Two other interesting points from the lawsuit. First, the Beastie Boys highlight that Goldieblox had created ads doing similar take-off parodies (though, obviously they don’t call it that) on other popular songs. But, again, if they are fair use then that doesn’t matter. Making the case that this is a pattern of activity only makes a difference if it’s not fair use. Second, the Beastie Boys are not messing around when it comes to the remedies sought. Not only do they want an injunction, but they’re also asking for an “accounting” of how much Goldieblox made as a result of this campaign, and using that to argue for actual damages from Goldieblox.
We talk a lot about “statutory damages” in copyright law, because that’s what most copyright holders seek, in part because they claim it would be too difficult to figure out “actual damages,” but mostly because the statutory damages numbers are insanely high (up to $150,000 per infringement). Here, however, it appears that the Beastie Boys and their lawyers smell blood in the water, and recognize that if they can convince the court that the money Goldieblox made from people buying its products after seeing the ad are a form of “damage” to the Beastie Boys, they could potentially collect significantly more money — all of which they are arguing should be handed over to the band (while reserving the right to go for statutory damages if the end result of that is more):
For an award of the Beastie Boys Parties’ actual damages and lost profits they have sustained as a result of GoldieBlox’s unlawful acts of copyright infringement and to recover from GoldieBlox the gains, profits, and advantages GoldieBlox has obtained as a result of the wrongful conduct alleged herein, in an amount to be determined at trial, or, at their election, an award of statutory damages…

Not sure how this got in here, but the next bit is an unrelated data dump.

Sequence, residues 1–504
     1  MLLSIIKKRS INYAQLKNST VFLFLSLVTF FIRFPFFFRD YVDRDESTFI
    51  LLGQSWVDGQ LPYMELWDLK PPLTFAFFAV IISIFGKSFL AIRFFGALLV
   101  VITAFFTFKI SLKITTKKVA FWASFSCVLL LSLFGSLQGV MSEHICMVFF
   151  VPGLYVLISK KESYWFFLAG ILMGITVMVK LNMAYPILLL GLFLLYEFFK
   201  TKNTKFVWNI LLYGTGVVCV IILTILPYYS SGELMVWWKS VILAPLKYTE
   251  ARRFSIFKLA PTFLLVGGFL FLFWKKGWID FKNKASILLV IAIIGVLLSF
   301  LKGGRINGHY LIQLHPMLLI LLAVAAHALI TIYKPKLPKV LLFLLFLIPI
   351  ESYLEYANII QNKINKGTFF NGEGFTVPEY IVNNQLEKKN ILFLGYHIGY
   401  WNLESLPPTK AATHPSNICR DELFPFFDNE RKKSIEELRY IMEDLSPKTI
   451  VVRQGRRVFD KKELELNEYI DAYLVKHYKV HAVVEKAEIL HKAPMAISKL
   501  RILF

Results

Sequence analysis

This seems fairly extreme again. Even if we accept that this was a giant publicity stunt, and even if it drove a bunch of sales, to argue that all of the gains and profits belong to the band is pretty crazy. People didn’t buy the toys because of the music. It may have helped draw attention to the toys, but it was the toys themselves that people were buying (and let’s leave out the separate debate over whether or not Goldieblox’s toys are actually any good — that’s an irrelevant tangent here).
In the end, it can reasonably be argued that Goldieblox poked the Beastie Boys with a legal stick as part of a publicity campaign, which is increasingly looking like a major strategic miscalculation (perhaps both on the PR side, since there’s been so much backlash, and now on the legal side). The Beastie Boys have now hit back hard. This isn’t surprising.
Still, even if you think that Goldieblox’s actions are reprehensible from the stunt side, if you believe in the importance of fair use, it’s disappointing to see the Beastie Boys make this move. As we’ve noted, the band itself relied on fair use for quite a bit of their own work, and a ruling in this case in their favor would tragically reduce fair use and limit the ability to parody, something that would truly be a loss for culture and society.